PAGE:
December 17, 2013

Rosettes, Rosettes, Rosettes!

Hi everyone.  Karon here from Karon's Krafty Korner.  My turn to visit you all here at Sheila's blog.  May I start by wishing you all a very Merry Christmas and joys of the season.  Thanks Sheila, for letting me visit each month.

On my blog recently, I made a rosette Christmas Tree, and whilst trying to work out lengths of paper, diameter of finished rosette, etc etc I thought I would put together a useful little table and rule of thumb.

Apparently, the rule of thumb to make a nice size rosette is to take the diameter that you want your finished rosette to be, multiply this by 4 and this will be the length of paper you need to pleat.  Also the width of the paper is to be half the diameter of the finished rosette.

So, for example,  if you want a 6" rosette - the width of your paper strip needs to be 3".  The length of your strip is to be 4 x 6" (the finished diameter), 24" in length, so two strips of 12" connected.

So, once you have your strips of paper ready, you will need to score them.  I found for the bigger rosettes, I scored every 1/4" for the smaller rosettes every 1/8" worked well.

I am going to make a four inch (diameter) rosette.  So, I have two strips of paper one 12" and one 4" for a total of 16" in length.

I find this works for me.  First place your paper right side up on the score board and score every 1".  Then flip it over and score every 0.5".



Now, you can fold this strip.  Start right side up and start with a valley fold and you will end with a valley fold.


Now, when I was trying to find out how to make a rosette (I had never made one before - I know, sad isn't it!), the only tutorials I could find were all saying "after scoring cut this little strip off the both ends in order to connect the two pieces of paper properly."  Like below! Doing it this way though, you are cutting off 0.5" of length and then when you join them another 0.5".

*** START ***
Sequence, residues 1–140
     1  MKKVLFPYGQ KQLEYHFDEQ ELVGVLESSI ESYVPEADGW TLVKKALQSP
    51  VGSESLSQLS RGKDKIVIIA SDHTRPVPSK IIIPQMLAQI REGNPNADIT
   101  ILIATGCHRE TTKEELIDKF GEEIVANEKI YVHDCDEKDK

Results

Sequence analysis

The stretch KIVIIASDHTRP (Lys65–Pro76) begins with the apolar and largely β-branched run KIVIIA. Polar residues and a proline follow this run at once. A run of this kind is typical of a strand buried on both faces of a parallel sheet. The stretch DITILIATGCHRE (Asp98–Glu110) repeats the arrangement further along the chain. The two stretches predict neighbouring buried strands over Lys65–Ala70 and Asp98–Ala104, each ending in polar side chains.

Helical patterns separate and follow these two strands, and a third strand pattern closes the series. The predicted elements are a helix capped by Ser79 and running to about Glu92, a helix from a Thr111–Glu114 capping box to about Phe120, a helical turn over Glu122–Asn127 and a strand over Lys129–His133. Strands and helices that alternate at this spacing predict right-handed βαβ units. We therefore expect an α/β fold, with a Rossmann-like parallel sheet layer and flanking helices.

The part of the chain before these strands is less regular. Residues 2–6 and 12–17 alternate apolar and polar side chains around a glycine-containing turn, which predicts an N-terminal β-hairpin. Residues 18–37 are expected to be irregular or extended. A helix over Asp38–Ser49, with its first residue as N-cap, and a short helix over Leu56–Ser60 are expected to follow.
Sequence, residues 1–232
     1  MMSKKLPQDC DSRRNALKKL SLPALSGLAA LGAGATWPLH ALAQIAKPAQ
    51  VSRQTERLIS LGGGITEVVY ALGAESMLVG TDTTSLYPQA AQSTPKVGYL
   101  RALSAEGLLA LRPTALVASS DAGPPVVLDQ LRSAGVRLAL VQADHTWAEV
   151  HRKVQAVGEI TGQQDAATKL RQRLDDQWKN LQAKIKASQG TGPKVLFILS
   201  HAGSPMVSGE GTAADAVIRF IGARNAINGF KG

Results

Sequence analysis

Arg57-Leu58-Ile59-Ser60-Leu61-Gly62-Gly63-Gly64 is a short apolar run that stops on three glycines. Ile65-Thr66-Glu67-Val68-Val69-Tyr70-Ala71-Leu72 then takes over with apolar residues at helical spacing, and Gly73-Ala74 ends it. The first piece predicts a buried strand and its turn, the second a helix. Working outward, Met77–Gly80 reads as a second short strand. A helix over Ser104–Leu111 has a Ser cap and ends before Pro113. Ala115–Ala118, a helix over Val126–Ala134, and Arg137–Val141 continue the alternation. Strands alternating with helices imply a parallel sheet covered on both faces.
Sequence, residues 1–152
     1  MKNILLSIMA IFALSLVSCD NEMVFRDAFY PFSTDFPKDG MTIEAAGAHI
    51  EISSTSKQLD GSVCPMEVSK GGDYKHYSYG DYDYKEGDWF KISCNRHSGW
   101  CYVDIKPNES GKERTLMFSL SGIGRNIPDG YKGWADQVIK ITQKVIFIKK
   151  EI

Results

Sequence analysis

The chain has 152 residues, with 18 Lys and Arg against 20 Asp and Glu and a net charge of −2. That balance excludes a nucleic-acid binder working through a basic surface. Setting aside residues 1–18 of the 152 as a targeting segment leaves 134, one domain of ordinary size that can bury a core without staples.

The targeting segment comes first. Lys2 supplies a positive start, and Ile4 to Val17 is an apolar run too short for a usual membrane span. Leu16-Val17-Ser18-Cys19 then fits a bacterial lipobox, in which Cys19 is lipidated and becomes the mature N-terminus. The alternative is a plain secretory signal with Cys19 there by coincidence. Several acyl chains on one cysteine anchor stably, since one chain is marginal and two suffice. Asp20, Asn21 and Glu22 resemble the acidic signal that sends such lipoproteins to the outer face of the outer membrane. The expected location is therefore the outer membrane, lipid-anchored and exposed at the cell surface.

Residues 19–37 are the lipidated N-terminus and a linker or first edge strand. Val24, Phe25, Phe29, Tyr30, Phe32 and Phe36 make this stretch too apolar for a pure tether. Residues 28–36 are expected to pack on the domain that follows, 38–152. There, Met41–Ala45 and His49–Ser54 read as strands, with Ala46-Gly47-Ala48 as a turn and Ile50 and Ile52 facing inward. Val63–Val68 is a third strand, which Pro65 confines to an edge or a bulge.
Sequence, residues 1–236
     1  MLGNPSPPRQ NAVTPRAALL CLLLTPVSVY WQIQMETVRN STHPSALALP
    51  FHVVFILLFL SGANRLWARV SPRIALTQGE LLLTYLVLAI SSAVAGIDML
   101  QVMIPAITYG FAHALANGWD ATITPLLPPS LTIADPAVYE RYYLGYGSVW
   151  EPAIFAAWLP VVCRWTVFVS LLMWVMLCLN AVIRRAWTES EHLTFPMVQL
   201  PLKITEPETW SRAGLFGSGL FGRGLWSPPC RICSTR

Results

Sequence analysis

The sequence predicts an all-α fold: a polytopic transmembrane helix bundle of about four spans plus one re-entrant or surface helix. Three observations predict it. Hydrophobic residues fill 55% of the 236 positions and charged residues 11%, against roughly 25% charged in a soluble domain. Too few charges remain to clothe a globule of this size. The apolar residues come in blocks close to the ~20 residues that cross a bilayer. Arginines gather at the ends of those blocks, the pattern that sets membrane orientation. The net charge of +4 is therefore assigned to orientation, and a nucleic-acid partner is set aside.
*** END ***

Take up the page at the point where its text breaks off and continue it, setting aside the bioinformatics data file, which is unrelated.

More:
However, I found when I was experimenting, that if you just flip the second strip of paper before scoring, then you do not need to take off any little pieces.  See below.


Flip over and score every 0.5"


Now with your second strip scored, you will start with a mountain fold and end with a mountain fold.


So now you have the two strips folded, one with a valley and one with a mountain fold, you can connect them. And you only lose 0.5" instead of the 1" off the length when connected.


It's all in the fold.  When you score the card stock, (I'll show you on the white side as it's clearer), your indents are valley and mountain.  However, you actually fold the opposite way!  So if your score line is valley, you actually mountain fold it and vice a versa.  This stops the card stock from tearing :-) 



Connect the ends to form your circle and then press down to make your rosette - securing with a circle and I use hot glue :-)



I have also put together a table for rosette sizes, diameter, width of paper and length of strips needed and hope you find this useful.  If you already have something like this, then I apologise, but at least it is a permanent record for me :-)

Finished Diameter of Rosette
Width of paper strip needed
Length of paper strip needed
6”
3”
24”
5.5”
2.75”
22”
5”
2.5”
20”
4.5”
2.25”
18”
4”
2”
16”
3.5”
1.75”
14”
3”
1.5”
12”
2.5”
1.25”
10”
2”
1”
8”
1.5”
0.75”
6”
1”
0.5”
4”

For my Rosette Christmas tree I did two of each rosette and only one of the 1" size for the top.

Thanks for stopping by today.

Happy crafting.

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